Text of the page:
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If you're right handed, you probably shoot with that hand or vice-versa. It's good though to get a feel for one handed shooting with both hands, but that will come later on. Right now, I would just concentrate on SAFETY, shot placement, SAFETY, trigger control, SAFETY, and grip. You'll get a feel for where your trigger resets as you get more familiar with your firearm. Stay SAFE and good luck
 

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Discussion Starter · #8 ·
If you're right handed, you probably shoot with that hand or vice-versa. It's good though to get a feel for one handed shooting with both hands, but that will come later on. Right now, I would just concentrate on SAFETY, shot placement, SAFETY, trigger control, SAFETY, and grip. You'll get a feel for where your trigger resets as you get more familiar with your firearm. Stay SAFE and good luck
I have another thread where I explain, but basically, I am half lefty and half righty, but not ambidextrous, and definitely am left eye dominant. So I am trying two-handed shooting using either hand as the one pulling the trigger. I went last Friday and tried some each way, but did it on the same target. Next time I will do a separate target for each hand just to see.
 

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If you're left-eye dominant, then shoot lefty if you can. That precludes a lot of problems that arise from cross-eye dominance. Be sure to practice shooting righty as well, though.

One other dry-fire drill is to work the trigger with a penny lying flat on the top of your slide right next to the front sight. You need to be able to complete the trigger press without the coin falling off the gun. This is an even better drill if you have a conventional DA gun where you can keep stroking the trigger without working the slide.
 
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Discussion Starter · #10 ·
If you're left-eye dominant, then shoot lefty if you can. That precludes a lot of problems that arise from cross-eye dominance. Be sure to practice shooting righty as well, though.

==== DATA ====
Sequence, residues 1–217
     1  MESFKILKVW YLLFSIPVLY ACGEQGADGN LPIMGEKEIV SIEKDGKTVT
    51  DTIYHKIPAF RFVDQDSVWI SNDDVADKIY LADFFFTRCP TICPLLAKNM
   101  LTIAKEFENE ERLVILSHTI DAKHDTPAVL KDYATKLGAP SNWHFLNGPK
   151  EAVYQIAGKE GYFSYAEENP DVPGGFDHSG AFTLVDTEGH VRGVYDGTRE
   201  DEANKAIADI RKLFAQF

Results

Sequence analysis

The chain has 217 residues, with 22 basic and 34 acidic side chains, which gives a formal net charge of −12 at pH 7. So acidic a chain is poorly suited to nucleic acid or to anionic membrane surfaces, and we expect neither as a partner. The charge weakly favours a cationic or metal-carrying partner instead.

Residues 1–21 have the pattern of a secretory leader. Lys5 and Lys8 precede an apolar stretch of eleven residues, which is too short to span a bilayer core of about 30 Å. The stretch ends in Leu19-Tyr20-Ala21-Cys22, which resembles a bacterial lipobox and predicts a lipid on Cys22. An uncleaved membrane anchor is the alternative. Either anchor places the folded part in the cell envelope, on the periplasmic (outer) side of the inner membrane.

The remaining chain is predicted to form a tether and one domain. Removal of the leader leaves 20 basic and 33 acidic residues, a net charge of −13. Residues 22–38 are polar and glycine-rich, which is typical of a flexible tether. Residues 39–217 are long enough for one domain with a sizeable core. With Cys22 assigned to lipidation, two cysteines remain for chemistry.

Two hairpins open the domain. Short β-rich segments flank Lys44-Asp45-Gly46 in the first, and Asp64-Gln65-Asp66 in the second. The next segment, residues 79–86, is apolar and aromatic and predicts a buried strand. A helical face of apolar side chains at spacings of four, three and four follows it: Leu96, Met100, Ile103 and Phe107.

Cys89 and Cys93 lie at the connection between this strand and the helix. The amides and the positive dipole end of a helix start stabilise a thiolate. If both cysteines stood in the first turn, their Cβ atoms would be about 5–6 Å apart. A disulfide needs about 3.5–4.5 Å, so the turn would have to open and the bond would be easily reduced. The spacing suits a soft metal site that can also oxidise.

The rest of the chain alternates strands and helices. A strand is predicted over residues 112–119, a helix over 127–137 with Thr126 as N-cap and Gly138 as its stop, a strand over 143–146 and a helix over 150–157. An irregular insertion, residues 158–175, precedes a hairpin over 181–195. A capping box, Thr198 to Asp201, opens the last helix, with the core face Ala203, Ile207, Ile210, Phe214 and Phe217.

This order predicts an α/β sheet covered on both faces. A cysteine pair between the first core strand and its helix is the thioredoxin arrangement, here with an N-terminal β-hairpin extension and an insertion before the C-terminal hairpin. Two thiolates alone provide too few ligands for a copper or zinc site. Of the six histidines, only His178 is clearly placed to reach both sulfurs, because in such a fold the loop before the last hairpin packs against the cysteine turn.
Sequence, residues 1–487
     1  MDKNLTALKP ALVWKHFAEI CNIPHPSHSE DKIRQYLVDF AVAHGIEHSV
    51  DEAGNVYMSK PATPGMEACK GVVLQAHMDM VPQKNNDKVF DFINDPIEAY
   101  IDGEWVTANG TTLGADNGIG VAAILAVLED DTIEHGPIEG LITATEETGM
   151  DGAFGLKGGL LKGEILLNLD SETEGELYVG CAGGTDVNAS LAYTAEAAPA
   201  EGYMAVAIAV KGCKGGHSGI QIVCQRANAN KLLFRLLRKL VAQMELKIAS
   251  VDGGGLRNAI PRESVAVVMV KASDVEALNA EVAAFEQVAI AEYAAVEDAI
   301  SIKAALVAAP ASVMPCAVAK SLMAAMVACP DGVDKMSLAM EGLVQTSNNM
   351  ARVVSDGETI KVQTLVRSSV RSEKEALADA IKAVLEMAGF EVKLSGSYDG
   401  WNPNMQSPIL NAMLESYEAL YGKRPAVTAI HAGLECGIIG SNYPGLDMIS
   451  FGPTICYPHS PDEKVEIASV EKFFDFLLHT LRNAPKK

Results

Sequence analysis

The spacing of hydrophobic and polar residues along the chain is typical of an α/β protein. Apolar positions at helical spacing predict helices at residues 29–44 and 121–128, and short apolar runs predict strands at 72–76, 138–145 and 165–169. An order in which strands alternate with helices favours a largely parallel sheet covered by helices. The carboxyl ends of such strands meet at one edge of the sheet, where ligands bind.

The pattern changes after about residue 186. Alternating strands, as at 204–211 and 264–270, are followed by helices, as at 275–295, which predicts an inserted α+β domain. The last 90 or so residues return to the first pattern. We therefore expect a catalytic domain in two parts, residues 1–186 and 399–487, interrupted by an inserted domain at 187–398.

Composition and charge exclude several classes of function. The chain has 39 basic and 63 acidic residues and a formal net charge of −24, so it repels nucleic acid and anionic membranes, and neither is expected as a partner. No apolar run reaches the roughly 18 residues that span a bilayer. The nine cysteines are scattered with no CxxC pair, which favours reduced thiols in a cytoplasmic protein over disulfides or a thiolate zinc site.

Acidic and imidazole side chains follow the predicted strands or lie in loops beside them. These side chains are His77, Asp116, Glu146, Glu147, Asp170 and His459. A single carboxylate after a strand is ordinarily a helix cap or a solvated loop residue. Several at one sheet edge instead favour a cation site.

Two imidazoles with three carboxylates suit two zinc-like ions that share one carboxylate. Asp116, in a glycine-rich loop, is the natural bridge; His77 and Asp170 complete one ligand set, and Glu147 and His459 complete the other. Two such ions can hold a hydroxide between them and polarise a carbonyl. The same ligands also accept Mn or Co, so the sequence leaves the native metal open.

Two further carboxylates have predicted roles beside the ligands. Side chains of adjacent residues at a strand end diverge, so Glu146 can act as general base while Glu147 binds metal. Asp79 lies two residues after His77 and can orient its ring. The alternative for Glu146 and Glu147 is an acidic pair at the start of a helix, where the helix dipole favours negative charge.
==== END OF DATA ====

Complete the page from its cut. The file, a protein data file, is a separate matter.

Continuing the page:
One other dry-fire drill is to work the trigger with a penny lying flat on the top of your slide right next to the front sight. You need to be able to complete the trigger press without the coin falling off the gun. This is an even better drill if you have a conventional DA gun where you can keep stroking the trigger without working the slide.
Yeah, I am leaning towards lefty, but my wife said it looked like I shot better righty as she observed me at the range. I was a good boy and just concentrated on the front sight, so I have no idea which hand was more accurate! lol
 

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Some folks squeeze the grip SOOOO TIGHTLY as to negates most of the "sensitivity" in their trigger finger. Yet "riding the sear" is primarily a pro (competition) shooter's technique for shaving fractions-of-seconds off of their split-times. IMHO, it is (at best) an advanced pistolero's concern. Meaning there are a lot of basics that need to be practiced (...practiced, practiced) before a defensive shooter need concern themself with it.

On the other hand, over-squeezing the grip is a MUCH more common (and less discussed) handgunner's issue. You need to allow your trigger finger to move freely & independently from the rest of the fingers on your dominate hand. If your forearm is rock-hand from your grip? That won't happen. So try this, don't grip the pistol with your forearms. Use your pectoral (chest) muscles to press your palms squarely toward one-another from either side of the grip. In a two-handed grip, it'll ideally control your pistol. Now, with a relaxed forearm (on your dominate hand) you'll be AMAZED at the control & "feel" you'll now discover in your trigger finger. Hits will become easier & faster. :biggrin2: